4.7On the merits, the State party presented the following observations. Regarding the alleged violation of article 2, paragraph 1, of the Covenant, the State party maintains that the Committee is not competent to make comments on the violation of this article, since this refers to a general commitment to respect and provide guarantees to all individuals. It refers to the Committee’s jurisprudence in communication No. 268/1987, M.B.G. and S.P. v. Trinidad and Tobago, and concludes that the author cannot claim a violation of this article in isolation if there is no violation of article 14, paragraph 1.
4.8Regarding the alleged violation of article 3, the State party holds that this article does not have the scope claimed by the author, since this provision is designed to guarantee equal rights between men and women, in the context of the historical factors of discrimination to which women have been subjected. The State party refers to the ruling of the Constitutional Court in the case, and endorses the Court’s observations, in particular the following. De facto marital unions of a heterosexual nature, insofar as they form a family, are recognized in law in order to guarantee them “comprehensive protection” and, in particular, ensure that “the man and the woman” have equal rights and duties (Constitution, arts. 42 and 43). A variety of social and legal factors were taken into account by the drafters of the law, and not only the mere question of whether a couple live together, particularly as living together may be a feature of couples and social groups of many different kinds or with several members, who may or may not be bound by sexual or emotional ties, and would not in itself oblige the drafters of the law to establish a property regime similar to that established under Act No. 54 of 1990. The legal definition of de facto marital union is sufficient to recognize and protect a group that formerly suffered from discrimination but does not create a privilege which would be unacceptable from the constitutional point of view. The State party also refers to the views of the Ombudsman along the same lines, and concludes that there has been no violation of article 3 of the Covenant.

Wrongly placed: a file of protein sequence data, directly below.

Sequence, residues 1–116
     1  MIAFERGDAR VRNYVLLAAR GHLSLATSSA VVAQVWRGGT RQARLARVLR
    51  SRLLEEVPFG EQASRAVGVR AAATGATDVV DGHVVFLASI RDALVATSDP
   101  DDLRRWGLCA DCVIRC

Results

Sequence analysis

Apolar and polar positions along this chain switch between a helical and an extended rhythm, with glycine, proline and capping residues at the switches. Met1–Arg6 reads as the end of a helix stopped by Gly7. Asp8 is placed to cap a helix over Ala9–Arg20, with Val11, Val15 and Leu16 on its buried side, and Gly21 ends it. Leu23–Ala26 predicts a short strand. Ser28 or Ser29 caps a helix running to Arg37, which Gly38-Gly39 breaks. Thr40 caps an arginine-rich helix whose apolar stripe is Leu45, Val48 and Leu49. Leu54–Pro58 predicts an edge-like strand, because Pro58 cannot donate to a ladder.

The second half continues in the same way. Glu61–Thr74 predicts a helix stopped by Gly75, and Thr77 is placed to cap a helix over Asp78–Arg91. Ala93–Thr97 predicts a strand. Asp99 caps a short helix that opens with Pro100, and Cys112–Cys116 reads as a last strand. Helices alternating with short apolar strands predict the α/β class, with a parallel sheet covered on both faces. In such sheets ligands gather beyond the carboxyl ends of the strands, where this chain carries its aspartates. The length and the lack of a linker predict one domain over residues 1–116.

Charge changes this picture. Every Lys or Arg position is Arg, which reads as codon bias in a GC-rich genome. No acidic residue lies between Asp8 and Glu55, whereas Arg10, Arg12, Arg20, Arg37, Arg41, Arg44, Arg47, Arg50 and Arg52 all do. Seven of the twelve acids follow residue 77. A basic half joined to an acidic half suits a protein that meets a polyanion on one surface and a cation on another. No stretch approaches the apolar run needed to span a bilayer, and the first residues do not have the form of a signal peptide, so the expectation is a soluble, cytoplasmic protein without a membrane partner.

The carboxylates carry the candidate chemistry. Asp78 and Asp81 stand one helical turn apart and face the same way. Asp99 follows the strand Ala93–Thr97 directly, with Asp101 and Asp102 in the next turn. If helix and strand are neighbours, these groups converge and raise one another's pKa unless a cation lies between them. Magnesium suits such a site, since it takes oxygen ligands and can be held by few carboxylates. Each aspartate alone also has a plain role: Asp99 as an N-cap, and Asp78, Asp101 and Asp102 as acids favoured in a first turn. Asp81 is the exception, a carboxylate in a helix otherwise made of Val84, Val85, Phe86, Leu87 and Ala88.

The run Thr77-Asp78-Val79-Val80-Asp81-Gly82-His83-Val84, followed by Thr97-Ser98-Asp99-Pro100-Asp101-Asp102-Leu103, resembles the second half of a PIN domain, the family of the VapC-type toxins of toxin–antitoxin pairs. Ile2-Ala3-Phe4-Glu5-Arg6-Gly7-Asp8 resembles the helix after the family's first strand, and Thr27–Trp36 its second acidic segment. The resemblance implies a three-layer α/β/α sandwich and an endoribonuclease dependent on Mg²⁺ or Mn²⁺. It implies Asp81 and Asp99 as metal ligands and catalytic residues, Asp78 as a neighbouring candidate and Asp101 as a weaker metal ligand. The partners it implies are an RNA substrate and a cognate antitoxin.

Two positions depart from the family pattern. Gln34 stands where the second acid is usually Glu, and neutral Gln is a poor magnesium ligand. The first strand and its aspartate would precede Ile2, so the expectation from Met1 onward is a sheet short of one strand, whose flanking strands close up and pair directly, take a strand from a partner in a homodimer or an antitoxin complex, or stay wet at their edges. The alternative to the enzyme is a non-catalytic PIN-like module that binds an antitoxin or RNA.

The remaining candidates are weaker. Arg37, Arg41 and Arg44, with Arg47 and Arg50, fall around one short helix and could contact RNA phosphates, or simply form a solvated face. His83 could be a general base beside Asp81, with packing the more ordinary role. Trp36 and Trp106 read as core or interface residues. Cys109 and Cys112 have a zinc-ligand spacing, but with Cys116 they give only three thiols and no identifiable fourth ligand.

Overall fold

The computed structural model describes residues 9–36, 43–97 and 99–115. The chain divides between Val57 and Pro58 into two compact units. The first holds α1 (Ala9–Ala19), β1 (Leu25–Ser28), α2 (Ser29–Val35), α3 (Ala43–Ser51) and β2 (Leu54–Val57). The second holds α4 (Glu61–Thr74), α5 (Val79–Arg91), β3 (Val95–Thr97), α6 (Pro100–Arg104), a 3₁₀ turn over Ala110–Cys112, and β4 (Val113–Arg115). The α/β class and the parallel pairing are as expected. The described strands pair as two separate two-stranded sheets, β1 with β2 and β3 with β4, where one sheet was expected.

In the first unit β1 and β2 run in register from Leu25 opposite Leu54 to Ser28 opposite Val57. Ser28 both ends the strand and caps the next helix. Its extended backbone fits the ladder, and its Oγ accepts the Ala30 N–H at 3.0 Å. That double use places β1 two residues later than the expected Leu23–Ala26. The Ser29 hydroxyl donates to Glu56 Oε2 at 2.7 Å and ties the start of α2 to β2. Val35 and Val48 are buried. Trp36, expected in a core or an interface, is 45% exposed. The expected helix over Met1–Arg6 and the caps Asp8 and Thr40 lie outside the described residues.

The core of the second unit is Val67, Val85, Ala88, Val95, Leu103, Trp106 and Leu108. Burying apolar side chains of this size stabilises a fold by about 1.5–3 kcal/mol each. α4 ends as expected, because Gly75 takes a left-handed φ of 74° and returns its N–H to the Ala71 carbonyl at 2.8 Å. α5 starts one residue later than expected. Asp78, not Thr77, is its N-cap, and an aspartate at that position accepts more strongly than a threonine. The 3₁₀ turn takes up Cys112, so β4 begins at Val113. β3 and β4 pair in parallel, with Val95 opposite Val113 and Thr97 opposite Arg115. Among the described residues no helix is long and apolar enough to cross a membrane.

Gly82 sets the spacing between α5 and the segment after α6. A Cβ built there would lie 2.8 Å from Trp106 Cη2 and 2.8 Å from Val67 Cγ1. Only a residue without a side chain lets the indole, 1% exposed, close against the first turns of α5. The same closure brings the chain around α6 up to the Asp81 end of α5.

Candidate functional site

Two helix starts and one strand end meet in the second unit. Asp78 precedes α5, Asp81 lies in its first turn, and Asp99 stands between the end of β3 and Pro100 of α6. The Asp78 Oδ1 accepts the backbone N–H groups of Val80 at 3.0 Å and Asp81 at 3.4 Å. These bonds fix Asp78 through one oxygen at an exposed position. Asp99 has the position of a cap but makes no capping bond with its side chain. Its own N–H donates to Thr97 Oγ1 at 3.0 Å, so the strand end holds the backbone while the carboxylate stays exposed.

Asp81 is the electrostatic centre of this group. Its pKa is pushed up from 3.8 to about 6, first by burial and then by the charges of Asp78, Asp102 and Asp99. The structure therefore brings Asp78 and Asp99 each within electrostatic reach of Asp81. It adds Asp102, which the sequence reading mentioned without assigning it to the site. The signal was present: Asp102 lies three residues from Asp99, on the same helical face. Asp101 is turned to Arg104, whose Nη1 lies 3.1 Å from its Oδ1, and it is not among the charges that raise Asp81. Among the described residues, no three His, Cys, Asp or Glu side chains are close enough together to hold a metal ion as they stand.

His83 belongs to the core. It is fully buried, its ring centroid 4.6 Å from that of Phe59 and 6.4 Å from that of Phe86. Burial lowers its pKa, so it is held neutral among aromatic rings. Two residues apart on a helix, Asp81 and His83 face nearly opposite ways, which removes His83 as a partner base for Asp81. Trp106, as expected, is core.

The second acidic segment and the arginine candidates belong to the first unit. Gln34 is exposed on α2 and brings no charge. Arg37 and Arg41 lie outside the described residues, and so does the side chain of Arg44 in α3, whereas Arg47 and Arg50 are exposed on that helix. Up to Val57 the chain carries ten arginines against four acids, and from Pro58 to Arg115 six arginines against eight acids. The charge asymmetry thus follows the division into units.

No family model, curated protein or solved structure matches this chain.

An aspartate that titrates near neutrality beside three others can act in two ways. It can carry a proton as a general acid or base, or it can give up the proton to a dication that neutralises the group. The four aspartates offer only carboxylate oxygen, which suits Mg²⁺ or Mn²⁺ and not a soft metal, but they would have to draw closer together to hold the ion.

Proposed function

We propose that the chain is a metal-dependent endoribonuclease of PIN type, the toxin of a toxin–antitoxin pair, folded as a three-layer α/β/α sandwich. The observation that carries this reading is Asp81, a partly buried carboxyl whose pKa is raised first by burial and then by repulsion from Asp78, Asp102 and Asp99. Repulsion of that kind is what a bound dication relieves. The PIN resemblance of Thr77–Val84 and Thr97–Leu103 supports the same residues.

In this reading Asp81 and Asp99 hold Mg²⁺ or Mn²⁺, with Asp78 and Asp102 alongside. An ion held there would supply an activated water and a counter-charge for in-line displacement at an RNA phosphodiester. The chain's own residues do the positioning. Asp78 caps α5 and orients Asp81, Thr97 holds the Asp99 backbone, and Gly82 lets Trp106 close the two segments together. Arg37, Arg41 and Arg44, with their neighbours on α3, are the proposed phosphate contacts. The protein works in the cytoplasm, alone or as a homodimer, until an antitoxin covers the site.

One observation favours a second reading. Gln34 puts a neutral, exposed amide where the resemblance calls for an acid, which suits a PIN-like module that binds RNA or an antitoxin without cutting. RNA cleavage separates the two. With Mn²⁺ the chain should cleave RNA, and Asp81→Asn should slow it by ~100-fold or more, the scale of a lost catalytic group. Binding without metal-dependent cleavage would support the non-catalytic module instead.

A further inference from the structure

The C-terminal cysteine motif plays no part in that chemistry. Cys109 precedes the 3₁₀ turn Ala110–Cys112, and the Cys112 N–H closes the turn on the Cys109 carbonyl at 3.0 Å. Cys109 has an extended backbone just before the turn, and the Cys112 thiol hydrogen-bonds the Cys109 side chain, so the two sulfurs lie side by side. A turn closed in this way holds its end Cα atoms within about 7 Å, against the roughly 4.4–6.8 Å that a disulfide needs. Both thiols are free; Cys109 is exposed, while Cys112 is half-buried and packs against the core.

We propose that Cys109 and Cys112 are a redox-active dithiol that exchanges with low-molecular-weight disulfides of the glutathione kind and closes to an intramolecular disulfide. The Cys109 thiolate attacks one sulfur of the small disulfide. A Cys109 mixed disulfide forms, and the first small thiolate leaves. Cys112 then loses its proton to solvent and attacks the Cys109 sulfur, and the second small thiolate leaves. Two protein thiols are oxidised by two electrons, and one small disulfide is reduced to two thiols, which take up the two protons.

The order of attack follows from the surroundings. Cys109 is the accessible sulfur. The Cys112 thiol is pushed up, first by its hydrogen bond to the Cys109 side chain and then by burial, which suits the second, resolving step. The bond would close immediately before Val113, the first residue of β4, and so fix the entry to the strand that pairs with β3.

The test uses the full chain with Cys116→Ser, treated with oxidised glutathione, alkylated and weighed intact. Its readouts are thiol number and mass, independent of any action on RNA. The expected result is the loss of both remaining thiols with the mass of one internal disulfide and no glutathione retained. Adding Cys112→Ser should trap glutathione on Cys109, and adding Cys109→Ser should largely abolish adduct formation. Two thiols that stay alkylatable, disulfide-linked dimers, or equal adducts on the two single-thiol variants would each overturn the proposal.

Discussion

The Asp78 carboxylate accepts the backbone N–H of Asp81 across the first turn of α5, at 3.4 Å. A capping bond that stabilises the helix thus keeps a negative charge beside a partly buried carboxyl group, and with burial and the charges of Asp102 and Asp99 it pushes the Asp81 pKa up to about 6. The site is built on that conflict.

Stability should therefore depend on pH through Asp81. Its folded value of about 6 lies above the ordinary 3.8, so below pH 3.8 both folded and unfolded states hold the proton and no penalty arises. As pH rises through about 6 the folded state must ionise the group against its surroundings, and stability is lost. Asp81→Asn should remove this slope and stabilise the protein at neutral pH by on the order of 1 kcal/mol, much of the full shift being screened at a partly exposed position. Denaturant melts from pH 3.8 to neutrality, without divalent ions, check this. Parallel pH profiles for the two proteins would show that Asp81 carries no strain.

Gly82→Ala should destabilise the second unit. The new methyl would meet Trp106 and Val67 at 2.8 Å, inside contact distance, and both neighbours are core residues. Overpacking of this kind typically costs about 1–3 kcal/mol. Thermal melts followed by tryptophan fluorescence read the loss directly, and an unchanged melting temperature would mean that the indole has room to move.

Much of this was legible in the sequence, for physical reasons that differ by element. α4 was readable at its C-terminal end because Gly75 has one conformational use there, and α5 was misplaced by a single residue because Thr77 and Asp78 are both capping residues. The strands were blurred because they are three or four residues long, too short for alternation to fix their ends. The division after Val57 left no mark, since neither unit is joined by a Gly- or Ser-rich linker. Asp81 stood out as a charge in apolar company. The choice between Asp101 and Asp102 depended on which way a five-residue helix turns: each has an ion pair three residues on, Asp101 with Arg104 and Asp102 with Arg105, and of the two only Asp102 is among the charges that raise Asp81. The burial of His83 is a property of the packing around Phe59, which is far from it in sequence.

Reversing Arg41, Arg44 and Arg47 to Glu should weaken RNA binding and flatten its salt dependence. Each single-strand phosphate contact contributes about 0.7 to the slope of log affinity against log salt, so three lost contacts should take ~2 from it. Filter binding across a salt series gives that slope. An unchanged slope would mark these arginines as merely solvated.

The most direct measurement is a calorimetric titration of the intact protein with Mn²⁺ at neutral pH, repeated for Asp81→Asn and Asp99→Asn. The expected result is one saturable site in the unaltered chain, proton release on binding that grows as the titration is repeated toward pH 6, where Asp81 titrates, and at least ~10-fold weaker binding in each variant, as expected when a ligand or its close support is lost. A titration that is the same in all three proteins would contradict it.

4.9Regarding the alleged violation of article 5, paragraphs 1 and 2, the State party maintains that it has not been expressly substantiated, as the author has not specified in what way a State, a group or person was granted the right to engage in activities or perform acts aimed at the destruction of any of the rights and freedoms recognized in the Covenant.